What’s your favourite book?
December by Phil Rickman, brilliant book and unique, if you were to read the blurb you would be left with a frown on your face. Ten pages in and you are gripped.

What’s your favorite food?
I come from Wigan so it would have to be anything that you can wrap in a pie crust.

What’s your favorite film?
Publication day April 15th
This is sad but I love the film The Holiday.

What’s your favorite song?
Forget Me Not- Roy Harper.

How can readers find out more information about yourself and your books?

Thank you Robin for joining me today it’s made a change to see you answering the questions instead of commenting on my posts. I really appreciate your support and feedback.

It’s been a real pleasure Shell. I like nothing better than taking about myself ha ha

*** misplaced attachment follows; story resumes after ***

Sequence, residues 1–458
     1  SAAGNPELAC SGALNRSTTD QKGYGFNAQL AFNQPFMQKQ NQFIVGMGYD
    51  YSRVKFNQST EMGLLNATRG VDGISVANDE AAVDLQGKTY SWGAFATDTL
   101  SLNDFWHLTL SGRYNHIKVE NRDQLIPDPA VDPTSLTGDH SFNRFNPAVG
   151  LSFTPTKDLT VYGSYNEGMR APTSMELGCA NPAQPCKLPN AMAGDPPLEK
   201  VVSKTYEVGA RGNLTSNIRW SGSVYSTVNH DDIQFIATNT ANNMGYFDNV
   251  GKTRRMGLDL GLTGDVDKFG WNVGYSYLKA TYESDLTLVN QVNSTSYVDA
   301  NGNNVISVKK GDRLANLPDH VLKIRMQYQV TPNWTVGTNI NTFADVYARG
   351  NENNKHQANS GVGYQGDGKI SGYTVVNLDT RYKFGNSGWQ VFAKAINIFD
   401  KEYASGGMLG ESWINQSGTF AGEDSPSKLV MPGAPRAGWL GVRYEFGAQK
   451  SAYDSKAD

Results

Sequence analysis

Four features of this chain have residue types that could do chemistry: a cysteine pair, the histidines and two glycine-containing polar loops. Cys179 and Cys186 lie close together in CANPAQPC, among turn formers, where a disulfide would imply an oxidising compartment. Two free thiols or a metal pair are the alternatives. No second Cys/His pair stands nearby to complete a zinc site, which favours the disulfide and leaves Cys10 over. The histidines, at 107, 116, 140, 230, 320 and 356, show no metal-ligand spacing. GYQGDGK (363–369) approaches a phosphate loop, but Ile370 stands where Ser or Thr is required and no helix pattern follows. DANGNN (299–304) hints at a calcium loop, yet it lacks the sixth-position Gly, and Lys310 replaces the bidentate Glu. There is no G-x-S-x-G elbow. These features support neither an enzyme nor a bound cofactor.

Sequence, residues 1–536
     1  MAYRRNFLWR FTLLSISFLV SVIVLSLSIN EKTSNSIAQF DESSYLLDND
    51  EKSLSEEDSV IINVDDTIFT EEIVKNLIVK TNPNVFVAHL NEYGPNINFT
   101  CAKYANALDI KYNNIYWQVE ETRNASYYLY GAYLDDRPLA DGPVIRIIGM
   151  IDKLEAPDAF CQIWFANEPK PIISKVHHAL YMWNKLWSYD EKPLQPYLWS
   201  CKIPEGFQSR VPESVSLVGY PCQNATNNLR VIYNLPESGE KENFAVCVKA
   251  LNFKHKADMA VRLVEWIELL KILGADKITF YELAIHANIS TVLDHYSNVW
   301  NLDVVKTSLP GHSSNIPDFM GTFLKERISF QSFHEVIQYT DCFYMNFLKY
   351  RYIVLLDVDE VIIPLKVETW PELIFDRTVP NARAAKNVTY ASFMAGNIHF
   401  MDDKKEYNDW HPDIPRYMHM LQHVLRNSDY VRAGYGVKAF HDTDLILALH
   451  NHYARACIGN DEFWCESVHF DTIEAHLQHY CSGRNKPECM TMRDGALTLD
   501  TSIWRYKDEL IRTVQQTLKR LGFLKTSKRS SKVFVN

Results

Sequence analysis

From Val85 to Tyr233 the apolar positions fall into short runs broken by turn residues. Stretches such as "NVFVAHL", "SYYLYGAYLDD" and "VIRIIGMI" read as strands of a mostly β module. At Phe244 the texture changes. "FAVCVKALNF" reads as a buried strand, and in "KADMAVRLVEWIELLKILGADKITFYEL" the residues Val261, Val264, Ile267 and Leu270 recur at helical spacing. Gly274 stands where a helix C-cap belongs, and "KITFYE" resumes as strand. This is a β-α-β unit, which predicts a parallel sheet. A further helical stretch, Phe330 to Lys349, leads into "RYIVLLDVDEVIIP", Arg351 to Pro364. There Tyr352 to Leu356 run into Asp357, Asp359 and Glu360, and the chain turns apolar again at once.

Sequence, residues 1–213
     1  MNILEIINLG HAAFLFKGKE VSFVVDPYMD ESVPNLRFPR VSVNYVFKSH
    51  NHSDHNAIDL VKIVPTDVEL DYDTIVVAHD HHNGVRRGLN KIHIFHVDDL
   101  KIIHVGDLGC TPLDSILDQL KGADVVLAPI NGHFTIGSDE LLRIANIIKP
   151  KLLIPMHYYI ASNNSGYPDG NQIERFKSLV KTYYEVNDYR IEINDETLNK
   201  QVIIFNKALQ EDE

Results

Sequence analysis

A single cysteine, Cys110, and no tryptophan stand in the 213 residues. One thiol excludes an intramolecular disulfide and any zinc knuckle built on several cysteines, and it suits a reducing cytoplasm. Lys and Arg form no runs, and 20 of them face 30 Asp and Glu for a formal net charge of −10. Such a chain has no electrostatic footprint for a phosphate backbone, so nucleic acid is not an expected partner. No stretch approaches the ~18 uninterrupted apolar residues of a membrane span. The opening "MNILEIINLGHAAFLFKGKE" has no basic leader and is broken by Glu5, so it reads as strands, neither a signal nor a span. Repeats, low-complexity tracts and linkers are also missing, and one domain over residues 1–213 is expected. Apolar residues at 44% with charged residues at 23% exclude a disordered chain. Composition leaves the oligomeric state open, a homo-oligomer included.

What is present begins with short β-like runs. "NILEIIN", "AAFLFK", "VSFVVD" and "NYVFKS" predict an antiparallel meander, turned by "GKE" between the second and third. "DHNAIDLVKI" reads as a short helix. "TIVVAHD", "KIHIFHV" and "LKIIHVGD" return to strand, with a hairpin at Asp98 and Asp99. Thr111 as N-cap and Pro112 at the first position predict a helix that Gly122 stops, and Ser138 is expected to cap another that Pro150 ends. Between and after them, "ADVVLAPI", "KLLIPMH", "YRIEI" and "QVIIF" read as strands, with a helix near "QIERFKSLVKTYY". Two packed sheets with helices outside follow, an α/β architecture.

2 thoughts on “Q&A Interview with Robin Roughley

  1. Thanks Shell this was a really interesting interview. Have always wanted to know a bit more about Robin.I've read The Needle House and really enjoyed it and have 5 more to read but now need to maroon myself on a desert island with my Kindle to get chance to read them all!


  2. Love this, Robin. One of my books was performed on stage at the Birmingham Rep. There's nothing quite like it for inspiring you to write on. Love your attitude, too. You are obviously a storyteller. 🙂 Have to agree about the character descriptions. The reader has their own picture in mind and if you've engaged them enough to be doing the picturing, you've done your job. Well done and best of luck! x